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In line with the recent trend it was a positive start to the week for those looking to buy euros with the pound, as rates continued where they left off before the weekend and climbed from 1.1750 to the highest levels we have seen this year, flirting with 1.18.
Although not a major move in the session due to a lack of data, it could be an indication that there is a change in focus of market participants, as issues in Europe are beginning to share the headlines with our own European story.
GBP/EUR 36-hour exchange rate graph
Troubles in Europe?
With the encroaching elections for some of Europe’s major players, it is nervous times for both those investing in the bloc, as well as those doing their grandest to try and hold the whole thing together.
The first test will be the Dutch elections in only a months’ time, which are expected to show a continued rise of the far-right Party for Freedom (PVV). It is no secret that many Dutch nationals have strong reservations about being a member of the EU, and this could result in some severe political battles as they potentially attempt to create a functioning coalition.
Not long after focus will be on France, and who will be taking up residence in the Palace Élysée. Again it is the far right that are making headway and headlines, but many commentators are still of the belief that success in the first round of the elections is unlikely to lead to Marine LePen and her party taking control. However we don’t need reminding of how much impact momentum can have on these proceedings, so it could prove a foolish move to right her off.
In the nearer term however it is the re-emergence of the Greek debt crisis that is seemingly an important contributing factor. The International Monetary Fund (IMF) are outwardly getting fed-up with the lack of transparency and attempts to render over the cracks, and they are becoming increasingly blunt in their approach. In the IMF’s most recent review they stated “public debt has reached 179 per cent [of gross domestic product] at end-2015, and is unsustainable”. With the Trump administrations representatives soon to join the organisation, the climate is looking to get more hostile for the Greeks, and the IMF’s removal from whole situation may be immanent, leaving it to be managed (or miss-managed) by Europe itself. With the Germans participation conditional on IMF involvement, their removal would leave only 2 options. Greece defaults on its debt come the summer and is forced to quite the Eurozone, or the Germans accept they must offer debt relief, and in turn do so on the approach to their own domestic elections, which would cause considerable political pain.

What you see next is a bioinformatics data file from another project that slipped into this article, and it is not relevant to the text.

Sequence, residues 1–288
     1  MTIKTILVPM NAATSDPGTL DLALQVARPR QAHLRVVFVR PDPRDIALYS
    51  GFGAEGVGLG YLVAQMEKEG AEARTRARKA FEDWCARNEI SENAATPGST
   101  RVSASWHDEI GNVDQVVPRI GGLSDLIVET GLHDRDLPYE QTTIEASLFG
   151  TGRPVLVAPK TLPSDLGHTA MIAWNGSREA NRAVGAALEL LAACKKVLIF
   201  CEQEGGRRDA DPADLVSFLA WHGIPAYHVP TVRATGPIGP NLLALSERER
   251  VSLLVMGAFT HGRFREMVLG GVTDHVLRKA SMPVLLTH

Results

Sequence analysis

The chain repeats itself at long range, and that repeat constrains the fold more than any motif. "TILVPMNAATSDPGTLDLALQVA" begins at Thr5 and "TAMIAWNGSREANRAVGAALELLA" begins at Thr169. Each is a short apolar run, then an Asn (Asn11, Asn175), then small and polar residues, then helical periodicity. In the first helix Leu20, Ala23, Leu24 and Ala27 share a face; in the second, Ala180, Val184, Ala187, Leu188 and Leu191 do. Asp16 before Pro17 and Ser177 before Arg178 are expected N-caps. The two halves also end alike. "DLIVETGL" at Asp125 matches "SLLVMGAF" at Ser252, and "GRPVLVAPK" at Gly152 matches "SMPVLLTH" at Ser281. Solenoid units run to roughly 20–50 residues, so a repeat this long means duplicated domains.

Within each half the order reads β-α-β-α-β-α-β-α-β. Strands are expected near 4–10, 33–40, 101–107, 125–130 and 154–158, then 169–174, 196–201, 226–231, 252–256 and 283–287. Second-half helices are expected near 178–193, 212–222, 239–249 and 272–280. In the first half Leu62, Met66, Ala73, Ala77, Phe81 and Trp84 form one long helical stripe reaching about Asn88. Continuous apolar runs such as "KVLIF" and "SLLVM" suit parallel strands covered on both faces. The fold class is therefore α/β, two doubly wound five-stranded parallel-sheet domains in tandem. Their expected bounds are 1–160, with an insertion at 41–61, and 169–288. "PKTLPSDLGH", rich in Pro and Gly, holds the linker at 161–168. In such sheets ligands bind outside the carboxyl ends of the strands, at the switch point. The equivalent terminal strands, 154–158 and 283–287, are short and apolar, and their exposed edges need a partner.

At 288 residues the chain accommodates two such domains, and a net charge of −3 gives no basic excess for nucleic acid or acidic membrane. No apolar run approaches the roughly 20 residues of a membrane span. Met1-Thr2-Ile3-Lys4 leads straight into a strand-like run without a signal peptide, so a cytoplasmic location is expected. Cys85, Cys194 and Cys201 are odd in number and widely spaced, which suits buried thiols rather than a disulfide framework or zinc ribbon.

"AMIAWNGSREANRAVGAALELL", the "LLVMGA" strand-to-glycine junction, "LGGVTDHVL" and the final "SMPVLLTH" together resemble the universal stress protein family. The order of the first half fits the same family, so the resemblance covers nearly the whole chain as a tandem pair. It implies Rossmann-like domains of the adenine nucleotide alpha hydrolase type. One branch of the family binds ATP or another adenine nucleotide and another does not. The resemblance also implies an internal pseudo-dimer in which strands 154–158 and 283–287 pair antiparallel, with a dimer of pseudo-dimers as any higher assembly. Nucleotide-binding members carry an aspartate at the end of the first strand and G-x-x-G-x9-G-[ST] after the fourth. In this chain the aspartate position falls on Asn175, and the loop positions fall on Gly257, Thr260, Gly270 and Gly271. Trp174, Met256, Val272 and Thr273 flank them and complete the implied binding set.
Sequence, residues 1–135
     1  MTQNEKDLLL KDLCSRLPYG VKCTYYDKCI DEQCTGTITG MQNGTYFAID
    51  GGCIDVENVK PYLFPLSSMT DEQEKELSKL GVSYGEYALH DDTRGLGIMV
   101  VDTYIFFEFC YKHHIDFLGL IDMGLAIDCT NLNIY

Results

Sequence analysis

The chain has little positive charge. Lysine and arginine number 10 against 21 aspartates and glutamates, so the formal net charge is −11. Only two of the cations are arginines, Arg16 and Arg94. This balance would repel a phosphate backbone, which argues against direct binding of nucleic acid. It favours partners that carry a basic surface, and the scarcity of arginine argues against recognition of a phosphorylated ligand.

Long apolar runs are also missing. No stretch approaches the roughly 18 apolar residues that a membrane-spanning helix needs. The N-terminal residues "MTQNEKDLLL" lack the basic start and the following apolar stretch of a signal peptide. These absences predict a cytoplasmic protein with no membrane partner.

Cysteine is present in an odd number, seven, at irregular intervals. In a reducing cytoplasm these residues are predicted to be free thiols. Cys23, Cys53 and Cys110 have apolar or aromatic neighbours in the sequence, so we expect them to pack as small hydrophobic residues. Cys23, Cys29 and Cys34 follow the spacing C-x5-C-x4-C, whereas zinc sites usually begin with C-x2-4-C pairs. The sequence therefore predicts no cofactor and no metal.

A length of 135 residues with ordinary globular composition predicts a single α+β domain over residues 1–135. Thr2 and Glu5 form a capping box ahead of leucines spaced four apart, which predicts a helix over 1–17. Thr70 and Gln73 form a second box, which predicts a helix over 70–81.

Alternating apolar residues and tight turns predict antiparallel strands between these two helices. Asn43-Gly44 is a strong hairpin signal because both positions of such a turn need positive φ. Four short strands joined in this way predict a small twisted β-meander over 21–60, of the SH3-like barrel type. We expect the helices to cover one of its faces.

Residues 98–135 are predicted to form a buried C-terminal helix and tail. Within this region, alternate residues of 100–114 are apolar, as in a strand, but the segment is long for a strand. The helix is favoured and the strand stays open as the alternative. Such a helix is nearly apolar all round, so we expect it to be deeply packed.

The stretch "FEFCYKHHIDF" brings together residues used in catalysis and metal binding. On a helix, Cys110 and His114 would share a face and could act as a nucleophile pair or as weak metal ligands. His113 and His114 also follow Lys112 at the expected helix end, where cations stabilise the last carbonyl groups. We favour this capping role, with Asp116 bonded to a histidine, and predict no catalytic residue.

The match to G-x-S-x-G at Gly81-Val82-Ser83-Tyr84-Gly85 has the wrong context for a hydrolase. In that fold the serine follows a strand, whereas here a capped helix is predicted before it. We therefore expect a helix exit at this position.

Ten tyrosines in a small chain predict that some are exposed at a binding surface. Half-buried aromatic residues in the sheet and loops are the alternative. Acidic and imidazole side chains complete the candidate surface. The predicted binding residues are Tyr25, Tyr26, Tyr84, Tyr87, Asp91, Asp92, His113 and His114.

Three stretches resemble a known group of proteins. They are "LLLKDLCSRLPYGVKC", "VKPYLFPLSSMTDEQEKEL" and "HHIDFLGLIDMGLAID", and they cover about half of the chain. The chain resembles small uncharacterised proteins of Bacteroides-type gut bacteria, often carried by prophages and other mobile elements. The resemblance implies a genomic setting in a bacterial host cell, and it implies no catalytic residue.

Remember it was only 7 days ago that we were witnessing mid-market levels of 1.1570, and not even a month ago we were a few percent below that, and closer to 1.10 than we were 1.20. So as these plot lines begin to emerge, there is potential for significant movement in either direction. The days of 1.25+ I believe are well out of reach for the foreseeable future, where as a return to 1.10 could become a reality.
Get in touch
With all these factors to consider, having not even mentioned Brexit, it has rarely been a more crucial time to have an expert opinion on your side, and another set of eyes and ears to the market to warn of impending news that could affect your transfer. Once you have made contact with us here at Foremost Currency Group, you will be assigned a dedicated account manager who will be your sole point of contact throughout the entire process and beyond. With a range of contract types available we will work closely with you to understand your requirements, so that we can look to put a bespoke strategy in place to help maximise your return.
It is a busy data for data today. With Inflation figures for the UK released at 0930 this morning, and preliminary Eurozone GDP only 30 minutes later, there is potential for significant movement on GBP/EUR. From across the pond we have US PPI which are expected to have little impact on USD crosses.
T: +44 (0) 1442 892063